A friend and much-admired writer (among his other titles, which include artist, songwriter, poet, photographer, journalist, and arguably just about anything and anywhere creativity can take an invididual) wrote this in his blog recently:
Writing is both a curse and a beam of grace. Before I actually start writing my weekly article for Philippine Star, I notice a heaviness building up in me. I am beset with fear, doubt and inertia about writing. I am stumped by the perennial questions most writers face which is, what to write about. What do I really want to say? But often, the moment I sit down and commit to write, something does happen. It’s like inspiration always shows up when we go through the trouble of asking Her to. And yet, the fact that it happens 99% of the time is not reassuring enough for me. Often, we fixate on the 1% that things will go wrong. I guess that’s the accompanying angst that writers go through. It’s a paradox. Without the accompanying doubt, the beam of grace like the cavalry that comes to the rescue, is worthless.
I go through the same paralyzing inertia the moment I think to myself, “Hey, it’s been a while since I’ve written something on my blog. Maybe I should fix that.” For me, it’s a war between structure and flow. When I’m away from the computer, certain events throughout my day trigger thoughts in my head that entertain me, often to the point of me thinking I’d like to write about it. Then, when faced with the screen and the blinking cursor, I freeze. What were those thoughts again? How do I put them down without sounding like a rambling idiot?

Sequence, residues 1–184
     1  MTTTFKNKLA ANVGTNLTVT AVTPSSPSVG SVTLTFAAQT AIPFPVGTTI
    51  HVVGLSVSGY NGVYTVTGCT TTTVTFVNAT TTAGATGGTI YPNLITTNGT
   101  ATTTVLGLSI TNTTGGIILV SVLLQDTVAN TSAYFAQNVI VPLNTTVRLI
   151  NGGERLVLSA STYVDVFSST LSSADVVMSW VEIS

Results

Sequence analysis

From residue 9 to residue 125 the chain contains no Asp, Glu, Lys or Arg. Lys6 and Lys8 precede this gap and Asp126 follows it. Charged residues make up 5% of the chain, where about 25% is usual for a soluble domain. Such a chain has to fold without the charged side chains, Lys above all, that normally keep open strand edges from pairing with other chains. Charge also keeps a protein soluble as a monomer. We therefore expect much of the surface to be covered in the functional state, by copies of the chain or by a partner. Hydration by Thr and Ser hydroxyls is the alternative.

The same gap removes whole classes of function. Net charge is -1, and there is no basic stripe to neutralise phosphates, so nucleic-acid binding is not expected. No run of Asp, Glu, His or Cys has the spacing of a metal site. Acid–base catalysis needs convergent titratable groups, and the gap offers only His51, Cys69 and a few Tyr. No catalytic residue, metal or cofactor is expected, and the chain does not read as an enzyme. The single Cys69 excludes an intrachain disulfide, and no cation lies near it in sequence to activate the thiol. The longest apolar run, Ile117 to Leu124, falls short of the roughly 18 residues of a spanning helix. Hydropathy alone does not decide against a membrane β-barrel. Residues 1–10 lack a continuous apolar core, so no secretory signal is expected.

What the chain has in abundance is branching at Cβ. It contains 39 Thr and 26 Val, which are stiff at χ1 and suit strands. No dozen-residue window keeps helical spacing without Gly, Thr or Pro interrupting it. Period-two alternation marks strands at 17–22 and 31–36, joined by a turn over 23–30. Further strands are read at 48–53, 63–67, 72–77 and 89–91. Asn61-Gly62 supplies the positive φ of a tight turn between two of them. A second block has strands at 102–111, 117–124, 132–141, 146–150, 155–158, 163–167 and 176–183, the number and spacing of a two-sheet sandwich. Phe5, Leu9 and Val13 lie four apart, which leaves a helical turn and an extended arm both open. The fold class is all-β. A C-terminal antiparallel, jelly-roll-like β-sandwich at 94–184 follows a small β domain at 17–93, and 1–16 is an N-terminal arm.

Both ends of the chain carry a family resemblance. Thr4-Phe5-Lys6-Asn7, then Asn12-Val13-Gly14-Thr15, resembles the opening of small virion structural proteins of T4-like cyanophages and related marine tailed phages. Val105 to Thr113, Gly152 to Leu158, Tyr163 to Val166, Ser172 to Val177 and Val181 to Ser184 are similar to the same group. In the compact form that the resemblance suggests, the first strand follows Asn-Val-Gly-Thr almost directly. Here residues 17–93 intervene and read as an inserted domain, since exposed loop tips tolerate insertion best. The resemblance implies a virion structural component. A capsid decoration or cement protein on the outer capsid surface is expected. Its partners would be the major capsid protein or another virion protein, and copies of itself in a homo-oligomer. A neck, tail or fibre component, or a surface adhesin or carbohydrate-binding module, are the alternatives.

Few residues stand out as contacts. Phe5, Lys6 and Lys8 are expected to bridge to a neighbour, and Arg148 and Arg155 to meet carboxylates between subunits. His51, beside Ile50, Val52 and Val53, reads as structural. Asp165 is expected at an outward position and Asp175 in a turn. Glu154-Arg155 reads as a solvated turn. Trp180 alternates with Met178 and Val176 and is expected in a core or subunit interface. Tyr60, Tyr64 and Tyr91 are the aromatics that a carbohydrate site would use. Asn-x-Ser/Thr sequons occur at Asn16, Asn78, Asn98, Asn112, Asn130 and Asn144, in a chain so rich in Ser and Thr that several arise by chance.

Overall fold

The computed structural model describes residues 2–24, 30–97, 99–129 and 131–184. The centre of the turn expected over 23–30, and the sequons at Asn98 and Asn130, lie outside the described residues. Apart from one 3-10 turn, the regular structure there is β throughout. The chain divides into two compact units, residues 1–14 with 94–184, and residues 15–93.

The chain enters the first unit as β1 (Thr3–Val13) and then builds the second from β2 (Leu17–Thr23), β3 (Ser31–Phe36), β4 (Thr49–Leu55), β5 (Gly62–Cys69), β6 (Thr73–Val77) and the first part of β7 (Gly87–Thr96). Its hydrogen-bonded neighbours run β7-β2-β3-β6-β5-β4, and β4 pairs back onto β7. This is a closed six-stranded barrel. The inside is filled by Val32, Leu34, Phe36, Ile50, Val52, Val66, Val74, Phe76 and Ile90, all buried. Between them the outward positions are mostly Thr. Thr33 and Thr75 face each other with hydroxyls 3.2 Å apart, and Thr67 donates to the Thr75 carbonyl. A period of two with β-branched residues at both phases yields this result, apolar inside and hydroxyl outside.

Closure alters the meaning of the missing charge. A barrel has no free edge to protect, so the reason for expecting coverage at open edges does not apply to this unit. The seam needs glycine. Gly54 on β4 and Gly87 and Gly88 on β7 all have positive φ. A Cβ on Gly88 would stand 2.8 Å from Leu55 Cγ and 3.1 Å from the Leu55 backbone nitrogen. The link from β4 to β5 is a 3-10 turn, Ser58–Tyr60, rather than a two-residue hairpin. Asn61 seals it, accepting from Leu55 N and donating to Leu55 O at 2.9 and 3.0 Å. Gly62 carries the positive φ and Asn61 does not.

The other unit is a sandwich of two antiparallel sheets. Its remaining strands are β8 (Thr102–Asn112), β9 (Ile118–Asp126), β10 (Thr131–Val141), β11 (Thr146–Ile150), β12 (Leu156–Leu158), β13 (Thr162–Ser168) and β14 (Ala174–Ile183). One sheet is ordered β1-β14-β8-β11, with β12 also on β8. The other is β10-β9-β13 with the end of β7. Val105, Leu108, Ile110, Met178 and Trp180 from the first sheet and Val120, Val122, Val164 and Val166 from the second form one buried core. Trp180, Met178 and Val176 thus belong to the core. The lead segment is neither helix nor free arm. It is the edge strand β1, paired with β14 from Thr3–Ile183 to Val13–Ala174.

How can I organize my thoughts into a cohesive, flowing whole when I need post-its on my refrigerator to remind me to sort out my kitchen drawer?
Being a regular follower of Jim’s blog and having read all the articles he’s written, I was very surprised to find that he agonizes over every post or article. Each one is so well-crafted and insightful that I always believed his writing was an effortless art fashioned from a heightened awareness and sensitivity, an everyday man who found the secret to communicating universal truths and making them deeply personal for every reader.
I don’t have that gift. It’s usually hit-or-miss with me. Or, at the very best, hit-or-keep-trying. Sometimes, as a dear friend once put it, writing for me is “like bleeding for words.”
When I used to play basketball, I was a streak shooter. Half a quarter would go by and everything I threw in the air somehow found the basket. Then, just as suddenly, I’d get cold and start tossing bricks. My coach knew to take me out of the game then and let the streak find me again before frustration set in.
I think I’ve always thought of myself as a streak writer. When I’m in the zone, the words come easy. And they come often. I like those streaks and learned to wait patiently for them.
But often, the moment I sit down and commit to write, something does happen.
Perhaps therein lies my problem. I sit down and hope to write. Maybe it’s as simple as just committing to write. Maybe it’s not so much waiting on the sidelines for the streak to show up and get back in the game. Maybe I just have to show up, intent on playing.
Oh, did I mention I’m also a streak resolution-maker?